Afghanistan's Propaganda War: The Taliban's Public Relations Machine

The Islamic fundamentalists who once banned TV use videos and the Internet to publicize their attacks.

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KABUL—In mid-August, the Taliban made global headlines when around 100 fighters ambushed a routine French patrol just 30 miles from the Afghan capital, killing 10 soldiers. It was France's worst single military loss in a quarter century and a grim reminder that a backcountry insurgency has moved closer and closer to the center.

But there was more to come. Within a few hours, men with satellite phones claiming to be Taliban spokesmen were speed-dialing Afghan journalists, boasting of the attack. Less than three weeks later, they added insult to injury. Militants involved in the ambush posed for an eight-page photo spread that ran in the pages of Paris Match, the bestselling French weekly magazine. They sported uniforms and weapons scavenged from some of the dead.

Outrage multiplied in France, where the Afghan mission has been in question. Newspaper polls showed that flagging public support for the war plunged to new lows. "The Taliban are waging a war of communication with this kind of operation," Defense Minister Hervé Morin told a radio interviewer. "They have understood that public opinion is probably the Achilles' heel of the international community that is present in Afghanistan."

Today, the Taliban is fighting a two-front war. Aware it cannot match the firepower of U.S.-led coalition forces head-on, the Taliban is relying on the power of perception, using a fast and increasingly effective propaganda machine that spans from the Afghan hinterlands to skittish foreign capitals. Spectacular incidents like the attack on the French troops suggest a greater threat than militants really pose on the ground. But for an Afghan government hobbled by corruption, an inability to provide basic services, and fallout from civilian deaths caused by U.S. airstrikes, the PR campaign is accelerating the erosion of Kabul's legitimacy.

Climate of suspicion. "The Taliban has been very successful in seeking to portray itself as a more powerful and cohesive a force than it is," says Joanna Nathan, a Kabul-based senior analyst with the International Crisis Group, a think tank that monitors conflicts. Lies, casualty exaggerations, and manufactured military "successes" have a way of gaining purchase in "deep wells of local resentment," Nathan adds. "This does not mean the people believe everything [Taliban operatives] say, but given the weakness of the government and missteps of the international community, it feeds into a climate of suspicion and potential alienation."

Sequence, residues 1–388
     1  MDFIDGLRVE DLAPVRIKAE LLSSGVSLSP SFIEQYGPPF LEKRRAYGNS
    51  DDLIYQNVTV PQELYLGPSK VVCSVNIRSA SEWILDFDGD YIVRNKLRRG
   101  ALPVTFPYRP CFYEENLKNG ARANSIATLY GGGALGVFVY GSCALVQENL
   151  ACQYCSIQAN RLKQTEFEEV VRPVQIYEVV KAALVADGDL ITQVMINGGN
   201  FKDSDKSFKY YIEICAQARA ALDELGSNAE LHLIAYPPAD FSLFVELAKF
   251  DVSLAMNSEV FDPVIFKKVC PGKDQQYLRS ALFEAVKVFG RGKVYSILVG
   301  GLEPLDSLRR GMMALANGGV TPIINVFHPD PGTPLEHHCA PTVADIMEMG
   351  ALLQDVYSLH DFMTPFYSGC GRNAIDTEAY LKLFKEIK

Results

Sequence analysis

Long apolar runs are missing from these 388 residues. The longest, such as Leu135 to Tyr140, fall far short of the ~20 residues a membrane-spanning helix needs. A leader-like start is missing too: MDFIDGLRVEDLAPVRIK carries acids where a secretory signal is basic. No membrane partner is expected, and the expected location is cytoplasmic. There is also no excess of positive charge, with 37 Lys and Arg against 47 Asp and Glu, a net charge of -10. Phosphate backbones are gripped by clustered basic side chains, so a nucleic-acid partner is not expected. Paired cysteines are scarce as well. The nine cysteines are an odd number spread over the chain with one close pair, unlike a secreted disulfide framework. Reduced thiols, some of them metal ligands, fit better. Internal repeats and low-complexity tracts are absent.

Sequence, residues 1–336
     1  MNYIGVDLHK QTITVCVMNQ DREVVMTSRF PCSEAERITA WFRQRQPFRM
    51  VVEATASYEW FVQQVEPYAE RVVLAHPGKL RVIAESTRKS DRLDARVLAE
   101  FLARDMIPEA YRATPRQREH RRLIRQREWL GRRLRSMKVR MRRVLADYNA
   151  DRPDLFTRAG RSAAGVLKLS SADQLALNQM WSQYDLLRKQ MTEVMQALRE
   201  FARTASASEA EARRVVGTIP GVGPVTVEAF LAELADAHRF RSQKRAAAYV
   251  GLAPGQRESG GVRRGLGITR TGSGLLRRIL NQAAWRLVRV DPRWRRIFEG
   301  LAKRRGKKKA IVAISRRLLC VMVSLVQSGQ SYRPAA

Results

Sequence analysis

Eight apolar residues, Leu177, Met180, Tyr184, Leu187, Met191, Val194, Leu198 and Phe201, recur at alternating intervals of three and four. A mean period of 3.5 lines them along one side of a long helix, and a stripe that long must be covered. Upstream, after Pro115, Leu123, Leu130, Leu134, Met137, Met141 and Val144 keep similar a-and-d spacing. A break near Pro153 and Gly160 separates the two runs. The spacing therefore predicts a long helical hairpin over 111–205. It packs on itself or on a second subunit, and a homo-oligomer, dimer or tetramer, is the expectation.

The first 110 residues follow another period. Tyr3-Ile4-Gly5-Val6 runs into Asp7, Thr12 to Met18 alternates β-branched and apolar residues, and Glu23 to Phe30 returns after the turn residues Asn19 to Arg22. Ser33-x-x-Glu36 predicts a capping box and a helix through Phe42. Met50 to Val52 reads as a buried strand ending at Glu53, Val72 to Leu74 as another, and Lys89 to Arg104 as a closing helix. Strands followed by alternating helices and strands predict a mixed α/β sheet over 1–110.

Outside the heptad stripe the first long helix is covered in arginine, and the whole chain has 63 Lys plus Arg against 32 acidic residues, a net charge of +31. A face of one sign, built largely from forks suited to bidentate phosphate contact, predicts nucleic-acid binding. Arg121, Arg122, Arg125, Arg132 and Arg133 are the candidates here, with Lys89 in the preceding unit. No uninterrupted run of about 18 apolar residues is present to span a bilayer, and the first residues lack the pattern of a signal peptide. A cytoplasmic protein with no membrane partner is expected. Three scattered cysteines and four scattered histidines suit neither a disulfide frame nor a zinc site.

Seven years after the Taliban was ousted, Afghanistan's security is in jeopardy. This year is on track to be the deadliest yet, with more than 230 deaths of western soldiers since January and a 30 percent spike in violent incidents compared with last year, according to NATO figures. The deteriorating situation has prompted U.S. military commanders to call for as many as 16,000 additional troops.

The Taliban remains highly unpopular in much of the country. But its resurgence has prevented police and journalists from reaching vast swaths of the south and east, allowing the insurgents to dictate the war's narrative. Ordinary Afghans, whose support is critical to the counterinsurgency campaign, are a captive audience.

The same Islamic fundamentalists who once banned TV and the Internet on religious grounds have harnessed the power of new media to turn hearts and minds. Since mid-2005, the Taliban has maintained a website, Al Emirah ("The Emirate"), that has dodged coalition efforts to shut it down by switching service providers. Though crude in presentation and poorly written, the site boasts content in five different languages: Pashtu, Dari, Urdu, Arabic, and English. It features religious commentary, poetry, and battlefield reports that are updated several times a day.

Some of their methods are more low tech. Hand-delivered night letters known as shabnamah are a traditional, cost-effective means of sowing fear in remote areas. According to Tim Foxley, an analyst with Britain's Ministry of Defense, these are particularly effective in the Pashtun heartland along the Afghan-Pakistani border where tribal elders and mullahs relay the message to uneducated, pliable villagers lacking access to TV and other media. Those who might cooperate with the government or NATO forces are threatened with torture and execution. Schools, often the only outpost of the state, are a common target. One letter that recently circulated south of Kabul claimed that schools were part of a western conspiracy to corrupt Afghan youth and pledged to punish parents who allowed their children to attend.